Geneva delays vote on Emma's Landing townhouse proposal
The Geneva City Council has postponed a vote on the controversial Emma's Landing townhouse development, saying it wants more information on several topics, including plans for handling stormwater drainage.
A March 8 vote is scheduled on the plan, which has been criticized by neighbors in the adjacent Sterling Manor neighborhood.
The Burton Foundation proposes to build townhouses on a 7.5-acre site on a cul-de-sac to be built off Lewis Road, south of the Union Pacific Railroad tracks. It would have 15 two-bedroom homes and 30 three-bedroom homes.
At least 27 units would be rented to people making less than 60% of the average median income for the Geneva area, according to city documents.
The Burton Foundation is a 501(c)3 corporation that owns about a dozen developments in the Midwest that are financed with low-income housing tax credits, the documents say.
When Sterling Manor was developed in 1991, the site was turned over to the city as a location for a water treatment plant. The city built the plant elsewhere.
The 1991 development agreement said that up to 100 attached single-family units could be built in Sterling Manor overall, including on that site. The neighborhood has 100 such homes.
The city tried to sell the land in 2013, but there were no takers. It advertised it again in 2019 and said it was especially interested in proposals for affordable housing. The Burton Foundation submitted the only proposal.
Sterling Manor residents reiterated Monday, as they have for nearly a year, that they are worried the townhouse development will exacerbate flooding problems in their neighborhood, as open land will be covered with buildings and streets. Several residents also told the city council they are concerned about losing property value due to proximity to an affordable-housing development.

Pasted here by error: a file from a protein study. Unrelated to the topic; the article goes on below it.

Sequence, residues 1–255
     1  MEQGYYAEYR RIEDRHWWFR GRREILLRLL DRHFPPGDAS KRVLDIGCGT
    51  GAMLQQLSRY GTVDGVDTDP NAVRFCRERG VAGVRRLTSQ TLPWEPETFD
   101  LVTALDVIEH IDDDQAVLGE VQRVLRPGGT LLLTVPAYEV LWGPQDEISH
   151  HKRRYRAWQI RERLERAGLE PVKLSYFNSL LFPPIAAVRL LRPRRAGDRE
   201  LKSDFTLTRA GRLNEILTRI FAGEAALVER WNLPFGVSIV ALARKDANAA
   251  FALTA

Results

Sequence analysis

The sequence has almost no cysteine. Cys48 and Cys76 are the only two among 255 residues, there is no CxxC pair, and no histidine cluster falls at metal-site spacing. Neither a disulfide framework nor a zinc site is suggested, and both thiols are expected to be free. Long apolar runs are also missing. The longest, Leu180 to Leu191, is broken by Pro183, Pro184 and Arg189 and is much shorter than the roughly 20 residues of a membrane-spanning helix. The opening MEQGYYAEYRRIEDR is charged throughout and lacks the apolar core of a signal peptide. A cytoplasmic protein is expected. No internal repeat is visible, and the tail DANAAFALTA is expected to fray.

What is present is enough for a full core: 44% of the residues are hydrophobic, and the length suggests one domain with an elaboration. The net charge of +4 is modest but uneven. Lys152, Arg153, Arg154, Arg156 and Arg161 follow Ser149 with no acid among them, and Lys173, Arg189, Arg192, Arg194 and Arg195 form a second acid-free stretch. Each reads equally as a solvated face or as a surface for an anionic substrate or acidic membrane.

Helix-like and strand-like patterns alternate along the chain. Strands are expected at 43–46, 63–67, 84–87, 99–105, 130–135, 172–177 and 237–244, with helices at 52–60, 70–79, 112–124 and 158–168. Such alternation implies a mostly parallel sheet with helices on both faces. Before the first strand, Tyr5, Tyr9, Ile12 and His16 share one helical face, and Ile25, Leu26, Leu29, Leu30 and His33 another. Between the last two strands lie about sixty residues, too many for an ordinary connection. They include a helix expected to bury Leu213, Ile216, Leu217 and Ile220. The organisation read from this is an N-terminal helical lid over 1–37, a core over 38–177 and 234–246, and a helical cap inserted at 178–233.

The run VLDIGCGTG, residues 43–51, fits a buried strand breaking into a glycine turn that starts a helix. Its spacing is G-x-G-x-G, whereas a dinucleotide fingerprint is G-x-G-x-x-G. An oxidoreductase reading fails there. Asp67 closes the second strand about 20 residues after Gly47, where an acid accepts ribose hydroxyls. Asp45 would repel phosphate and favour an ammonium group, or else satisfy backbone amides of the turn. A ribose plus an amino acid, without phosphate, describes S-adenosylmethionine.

The plan calls for much of the stormwater drainage to go to a detention pond to be built on the Emma's Landing site. Water from that pond could then flow to a detention pond in Sterling Manor. That pond drains into the city's stormwater sewer system.
Sterling Manor residents questioned why their pond has to be involved and have hired a lawyer to investigate whether that's allowed.
The developer's engineer said the new pond should slow down water coming off the site, which now naturally drains mostly to Sterling Manor. He also said a second pond would be added.
And, Monday night, the developer proposed connecting the main Emma's Landing pond directly to the city stormwater sewer system, downstream of Sterling Manor. Alderman Dean Kilburg asked if that would cause backups in Sterling Manor.
Other issues to be addressed include a request from some aldermen to install a safety fence along the north side of the property between the site and the railroad tracks, and more information about how the development will affect traffic on Lewis Road.